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Patient Story
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A large keloid (Figure 141-1A) has been present on the upper ear of this 14-year-old boy for more than 2 years, since he experienced trauma to this area. The keloid was excised in the office with local anesthetic and the defect sutured using 5-0 Prolene (Figure 141-1B). The cosmetic result was excellent and the patient was happy.

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FIGURE 141-1

A. A large keloid has been present on the upper ear of this 14-year-old boy for more than 2 years, since he experienced trauma to this area. B. The keloid was excised in the office with local anesthetic and the defect sutured using 5-0 Prolene. The cosmetic result was excellent. (Used with permission from Richard P. Usatine, MD.)

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Introduction
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Keloids are benign dermal fibroproliferative tumors that form in scar because of altered wound healing. They form as a result of overproduction of extracellular matrix and dermal fibroblasts that have a high mitotic rate.

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Synonyms
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Cheloid.

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Epidemiology
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  • Individuals with darker pigmentation are more likely to develop keloids. Sixteen percent of black persons reported having keloids in a random sampling.1

  • Men and women are generally affected equally except that keloids are more common in young adult women—probably secondary to a higher rate of piercing the ears (Figure 141-2).2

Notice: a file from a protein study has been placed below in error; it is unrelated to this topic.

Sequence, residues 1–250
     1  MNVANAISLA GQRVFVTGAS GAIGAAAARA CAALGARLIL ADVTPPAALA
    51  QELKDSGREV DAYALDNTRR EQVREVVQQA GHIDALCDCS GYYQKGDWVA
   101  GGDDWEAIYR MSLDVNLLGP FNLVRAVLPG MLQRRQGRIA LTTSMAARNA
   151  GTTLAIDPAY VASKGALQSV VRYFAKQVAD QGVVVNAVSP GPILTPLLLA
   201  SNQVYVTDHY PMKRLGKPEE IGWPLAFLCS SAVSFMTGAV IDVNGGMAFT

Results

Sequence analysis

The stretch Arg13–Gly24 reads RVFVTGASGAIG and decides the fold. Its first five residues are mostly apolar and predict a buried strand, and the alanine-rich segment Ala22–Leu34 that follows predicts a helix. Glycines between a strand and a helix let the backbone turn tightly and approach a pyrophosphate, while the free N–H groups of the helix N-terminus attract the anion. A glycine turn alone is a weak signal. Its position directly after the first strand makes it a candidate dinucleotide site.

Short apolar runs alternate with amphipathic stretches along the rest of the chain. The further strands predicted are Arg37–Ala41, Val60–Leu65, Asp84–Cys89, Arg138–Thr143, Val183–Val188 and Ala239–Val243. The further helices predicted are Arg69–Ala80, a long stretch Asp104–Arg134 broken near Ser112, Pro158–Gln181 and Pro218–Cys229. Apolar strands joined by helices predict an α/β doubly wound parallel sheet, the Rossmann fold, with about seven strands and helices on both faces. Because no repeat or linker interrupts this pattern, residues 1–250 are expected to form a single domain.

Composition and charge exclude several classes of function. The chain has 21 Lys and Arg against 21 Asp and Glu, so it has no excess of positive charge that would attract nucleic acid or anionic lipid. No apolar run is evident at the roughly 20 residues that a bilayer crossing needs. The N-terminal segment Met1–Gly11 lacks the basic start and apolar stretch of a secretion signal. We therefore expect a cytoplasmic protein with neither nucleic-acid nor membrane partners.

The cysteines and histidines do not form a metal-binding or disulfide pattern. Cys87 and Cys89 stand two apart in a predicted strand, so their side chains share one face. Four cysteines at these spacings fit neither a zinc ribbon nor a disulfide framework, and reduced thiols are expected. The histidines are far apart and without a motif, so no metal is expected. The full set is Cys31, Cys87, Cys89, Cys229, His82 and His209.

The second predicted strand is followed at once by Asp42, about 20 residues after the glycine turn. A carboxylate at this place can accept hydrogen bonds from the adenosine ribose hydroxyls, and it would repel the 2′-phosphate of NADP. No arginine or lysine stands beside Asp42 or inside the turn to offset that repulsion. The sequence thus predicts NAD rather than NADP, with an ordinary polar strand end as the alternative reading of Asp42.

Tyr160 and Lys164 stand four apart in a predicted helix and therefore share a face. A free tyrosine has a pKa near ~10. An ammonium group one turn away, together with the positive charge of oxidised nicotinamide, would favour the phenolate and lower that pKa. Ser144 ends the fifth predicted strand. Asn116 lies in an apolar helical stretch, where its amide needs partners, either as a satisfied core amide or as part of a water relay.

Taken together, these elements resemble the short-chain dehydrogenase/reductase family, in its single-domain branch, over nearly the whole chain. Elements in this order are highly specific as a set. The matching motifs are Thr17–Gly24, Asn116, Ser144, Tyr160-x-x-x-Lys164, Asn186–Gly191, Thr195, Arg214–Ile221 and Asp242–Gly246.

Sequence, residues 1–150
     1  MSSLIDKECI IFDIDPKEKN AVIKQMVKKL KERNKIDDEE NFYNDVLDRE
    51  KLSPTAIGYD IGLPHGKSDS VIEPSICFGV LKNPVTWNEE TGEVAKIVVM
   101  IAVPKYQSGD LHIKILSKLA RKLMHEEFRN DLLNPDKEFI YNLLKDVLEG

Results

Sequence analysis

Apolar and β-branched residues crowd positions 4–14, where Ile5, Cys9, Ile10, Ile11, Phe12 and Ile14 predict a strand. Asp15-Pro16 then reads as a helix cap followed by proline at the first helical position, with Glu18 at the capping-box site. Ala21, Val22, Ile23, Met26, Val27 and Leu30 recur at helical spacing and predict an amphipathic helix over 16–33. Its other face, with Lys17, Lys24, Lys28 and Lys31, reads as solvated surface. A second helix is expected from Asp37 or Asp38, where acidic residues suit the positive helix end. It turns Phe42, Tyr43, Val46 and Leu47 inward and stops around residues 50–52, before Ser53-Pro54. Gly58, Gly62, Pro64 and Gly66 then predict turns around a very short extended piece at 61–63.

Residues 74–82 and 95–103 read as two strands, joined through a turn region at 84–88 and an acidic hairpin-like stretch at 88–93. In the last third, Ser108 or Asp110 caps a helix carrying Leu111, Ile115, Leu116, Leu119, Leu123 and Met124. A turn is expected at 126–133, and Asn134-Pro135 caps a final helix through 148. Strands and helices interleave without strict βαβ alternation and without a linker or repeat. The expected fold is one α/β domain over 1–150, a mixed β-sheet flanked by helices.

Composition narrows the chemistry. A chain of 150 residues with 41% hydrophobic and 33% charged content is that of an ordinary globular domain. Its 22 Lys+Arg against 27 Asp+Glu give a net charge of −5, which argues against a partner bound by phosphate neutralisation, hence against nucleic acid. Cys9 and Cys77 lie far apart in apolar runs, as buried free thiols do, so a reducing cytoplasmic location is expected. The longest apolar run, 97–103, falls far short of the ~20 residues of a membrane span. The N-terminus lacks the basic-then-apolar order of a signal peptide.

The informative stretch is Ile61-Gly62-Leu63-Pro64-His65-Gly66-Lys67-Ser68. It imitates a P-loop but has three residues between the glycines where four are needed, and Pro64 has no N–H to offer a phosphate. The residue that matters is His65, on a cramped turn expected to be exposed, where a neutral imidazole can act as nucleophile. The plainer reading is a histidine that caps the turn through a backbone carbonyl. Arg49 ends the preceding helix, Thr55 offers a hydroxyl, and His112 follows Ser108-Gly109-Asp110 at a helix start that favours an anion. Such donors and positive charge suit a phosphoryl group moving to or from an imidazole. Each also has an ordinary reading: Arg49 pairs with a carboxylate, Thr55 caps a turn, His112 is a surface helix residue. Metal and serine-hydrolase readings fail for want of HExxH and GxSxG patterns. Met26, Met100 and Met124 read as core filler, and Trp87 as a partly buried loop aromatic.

• Highest incidence is in individuals ages 10 to 20 years.2,3

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FIGURE 141-2

A keloid on the earlobe that started from piercing the ear. (Used with permission from Richard P. Usatine, MD.)

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Etiology and Pathophysiology
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  • Keloids are dermal fibrotic lesions that are a variation of the normal wound-healing process in the spectrum of fibroproliferative disorders.

  • Keloids are more likely to develop in areas of the body that are subjected to high skin tension such as over the sternum.

  • These can occur even up to a year after the injury and will enlarge beyond the scar margin. Burns and other injuries can heal with a keloid in just one portion of the area injured.

  • Wounds subjected to prolonged inflammation (acne cysts) are more likely to develop keloids.

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Risk Factors3
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  • Darker skin pigmentation (African, Hispanic, or Asian ethnicity) (Figure 141-3).

  • A family history of keloids.

  • Wound healing by secondary intention.

  • Wounds subjected to prolonged inflammation.

  • Sites of repeated trauma.

  • Pregnancy.

  • Body piercings (Figure 141-4).

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FIGURE 141-3

Two keloids on the back of this young African American woman. (Used with permission from Richard P. Usatine, MD.)

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